Few franchises are as keenly focused as the Bit.Trip series. Each entry has presented players with an elemental control scheme, delightfully retro-inspired visuals and gameplay, along with a pleasingly effervescent chiptune score. Playing a Bit.Trip game is like stepping into a world where technology grudgingly advanced, instead of growing in power exponentially.
The third title in the six part franchise is Bit.Trip Void. The game allows players to control the Void, a black pixelated circle guided with either the Nunchuck’s analog stick or the Classic Classic Controller. The title’s premise is succinctly explained on Void’s title screen: collect the black dots, while avoiding the white dots. As players absorb the dark pieces, their circle increases in diameter- making their onscreen avatar both slower and a likelier target for collision. To circumvent this calamity, players can press the ‘A’ button to shrink their Void to its default size. When players do this, they collect a bonus score based on the size of the black blob, creating an enthralling risk/reward component. Of course, hitting any white blocks also reduces the Void, and hurls players closer to the game’s Netherworld.
As with previous Bit.Trip entries, Void’s purgatory is devoid of both color and the distinctive lively soundtrack. Here, players have one last chance to perform before being shuffled off to the title’s game over screen. Sadly, gamers are never given any visual gauge how close they are to the Netherworld, nor is there any sign how close they are to escape. At least, players that are unsuccessful in fleeing the zone can take solace in the game’s checkpoint system. While previous Bit.Trip entries have forced gamers to retry an entire level, Void integrates four positions in each of the game’s three levels where play can be resumed. Additionally, players are given a limited number of continues, which help to smooth out the title’s sharp challenge level.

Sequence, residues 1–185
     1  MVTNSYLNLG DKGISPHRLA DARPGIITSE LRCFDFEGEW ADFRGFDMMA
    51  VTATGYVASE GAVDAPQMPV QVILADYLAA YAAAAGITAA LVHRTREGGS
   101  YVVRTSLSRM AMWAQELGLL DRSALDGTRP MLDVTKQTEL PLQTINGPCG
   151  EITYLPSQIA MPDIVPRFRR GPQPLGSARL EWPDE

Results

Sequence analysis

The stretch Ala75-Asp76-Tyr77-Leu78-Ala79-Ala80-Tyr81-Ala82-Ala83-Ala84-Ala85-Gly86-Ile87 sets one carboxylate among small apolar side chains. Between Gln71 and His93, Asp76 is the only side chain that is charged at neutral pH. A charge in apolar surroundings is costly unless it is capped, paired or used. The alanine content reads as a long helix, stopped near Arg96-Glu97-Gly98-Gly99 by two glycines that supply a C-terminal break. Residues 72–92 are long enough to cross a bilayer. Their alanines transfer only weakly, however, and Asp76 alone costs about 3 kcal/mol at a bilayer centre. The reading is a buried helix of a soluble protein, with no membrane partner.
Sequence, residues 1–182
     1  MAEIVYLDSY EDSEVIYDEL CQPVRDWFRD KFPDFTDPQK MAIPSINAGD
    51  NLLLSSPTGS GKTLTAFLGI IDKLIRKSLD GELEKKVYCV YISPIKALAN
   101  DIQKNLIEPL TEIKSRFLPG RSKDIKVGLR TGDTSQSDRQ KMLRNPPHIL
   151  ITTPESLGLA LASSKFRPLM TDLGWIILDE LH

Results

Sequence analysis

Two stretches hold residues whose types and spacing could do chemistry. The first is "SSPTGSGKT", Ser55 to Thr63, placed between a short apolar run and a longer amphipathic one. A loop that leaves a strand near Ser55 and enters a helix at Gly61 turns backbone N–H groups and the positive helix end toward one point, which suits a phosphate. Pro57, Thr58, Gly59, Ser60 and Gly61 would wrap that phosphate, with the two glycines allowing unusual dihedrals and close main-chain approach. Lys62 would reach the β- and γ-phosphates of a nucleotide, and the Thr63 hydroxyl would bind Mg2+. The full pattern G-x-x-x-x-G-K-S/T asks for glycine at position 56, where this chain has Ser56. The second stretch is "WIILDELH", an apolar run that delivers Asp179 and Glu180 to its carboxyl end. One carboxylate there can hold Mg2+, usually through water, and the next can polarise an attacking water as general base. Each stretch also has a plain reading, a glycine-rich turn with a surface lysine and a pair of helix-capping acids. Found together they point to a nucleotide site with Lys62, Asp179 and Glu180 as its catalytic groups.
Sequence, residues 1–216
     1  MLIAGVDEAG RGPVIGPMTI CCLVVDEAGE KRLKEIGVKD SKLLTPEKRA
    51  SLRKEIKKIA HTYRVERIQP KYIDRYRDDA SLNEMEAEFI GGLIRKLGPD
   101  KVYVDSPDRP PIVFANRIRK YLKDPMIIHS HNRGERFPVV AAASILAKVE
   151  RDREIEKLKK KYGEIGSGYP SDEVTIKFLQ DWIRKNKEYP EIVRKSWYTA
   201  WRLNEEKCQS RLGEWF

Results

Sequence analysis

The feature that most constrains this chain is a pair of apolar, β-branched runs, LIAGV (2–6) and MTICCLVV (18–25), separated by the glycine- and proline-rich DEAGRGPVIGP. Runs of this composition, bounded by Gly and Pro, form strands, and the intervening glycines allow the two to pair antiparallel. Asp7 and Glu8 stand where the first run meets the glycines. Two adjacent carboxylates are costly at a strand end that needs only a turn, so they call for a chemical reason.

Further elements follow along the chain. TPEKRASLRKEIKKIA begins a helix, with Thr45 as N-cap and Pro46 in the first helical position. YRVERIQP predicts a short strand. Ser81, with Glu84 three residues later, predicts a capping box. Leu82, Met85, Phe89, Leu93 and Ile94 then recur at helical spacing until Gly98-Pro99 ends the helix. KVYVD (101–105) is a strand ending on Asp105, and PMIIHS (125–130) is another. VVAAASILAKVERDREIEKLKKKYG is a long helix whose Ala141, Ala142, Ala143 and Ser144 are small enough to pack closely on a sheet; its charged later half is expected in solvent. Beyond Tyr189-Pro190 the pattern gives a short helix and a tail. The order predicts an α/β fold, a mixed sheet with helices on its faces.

Arguably, Bit.Trip Void’s greatest strength is its variety. The game throws every possible gameplay permutation at players- from presenting a myriad of sinuous patterns for the on-screen blocks, to temporarily inverting the control scheme, and even offering a boss stage evoking a 2D driving game. The continuous shift of gameplay is wonderfully adept, and helps to keep Void from becoming a droning one note wonder. At times the game will invoke bullet-hell clouds of pixels, while other moments focus on the title’s rhythmic facets, coercing players to move with the title’s pulsating tempo. At these instances, Void can evoke illustrious Treasure shmup, Ikaruga, with its fluid formation of black and white objects. I’m slightly disappointed that the developers didn’t include an option for the Void to invert colors, opening up a range of possibilities for the game.
Like fan-favorite Rez, the game demands attention for a variety of sensory organs. Void’s visuals evoke the stretched sprites found on Atari 2600 hardware- from the title’s clunky fonts to the muted color scheme of the game’s vibrant background. Chiptune luminary Nullsleep created the game’s luminous soundtrack, which is skillfully augmented every time the player collects a block. Both visual and aural elements are fused by a metronome-like vibration in the Wiimote, allowing the game to become faintly euphoric.
Bit.Trip Void is an imaginative and compelling title, which unlike many of its series brethren, can be perplexingly relaxing. Priced at $6 USD, the title offers more than enough entertainment value to justify its modest cost. I can’t wait to see what the next Bit.Trip titles have in store for us.